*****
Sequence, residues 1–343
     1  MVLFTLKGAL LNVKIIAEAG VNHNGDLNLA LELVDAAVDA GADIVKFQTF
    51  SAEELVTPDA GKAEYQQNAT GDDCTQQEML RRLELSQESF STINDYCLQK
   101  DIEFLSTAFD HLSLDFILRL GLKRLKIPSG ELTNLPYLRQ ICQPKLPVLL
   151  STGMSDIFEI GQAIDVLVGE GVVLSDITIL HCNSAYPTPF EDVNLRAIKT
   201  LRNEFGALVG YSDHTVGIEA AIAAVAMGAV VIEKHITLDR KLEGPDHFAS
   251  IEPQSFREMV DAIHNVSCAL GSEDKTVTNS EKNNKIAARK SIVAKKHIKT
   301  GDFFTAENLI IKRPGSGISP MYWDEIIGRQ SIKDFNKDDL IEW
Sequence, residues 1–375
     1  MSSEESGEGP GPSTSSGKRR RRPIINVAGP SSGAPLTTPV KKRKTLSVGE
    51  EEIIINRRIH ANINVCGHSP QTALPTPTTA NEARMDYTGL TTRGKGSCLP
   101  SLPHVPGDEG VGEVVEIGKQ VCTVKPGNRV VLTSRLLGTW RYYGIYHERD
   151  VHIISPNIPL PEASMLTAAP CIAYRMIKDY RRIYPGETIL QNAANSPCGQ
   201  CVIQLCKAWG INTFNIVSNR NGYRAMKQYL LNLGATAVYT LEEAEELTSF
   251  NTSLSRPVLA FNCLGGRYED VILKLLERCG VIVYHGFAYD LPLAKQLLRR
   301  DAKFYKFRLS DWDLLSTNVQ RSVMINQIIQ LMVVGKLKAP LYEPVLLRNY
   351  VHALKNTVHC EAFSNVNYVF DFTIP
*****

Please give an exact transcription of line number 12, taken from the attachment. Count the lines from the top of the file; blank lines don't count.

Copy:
   101  SLPHVPGDEG VGEVVEIGKQ VCTVKPGNRV VLTSRLLGTW RYYGIYHERD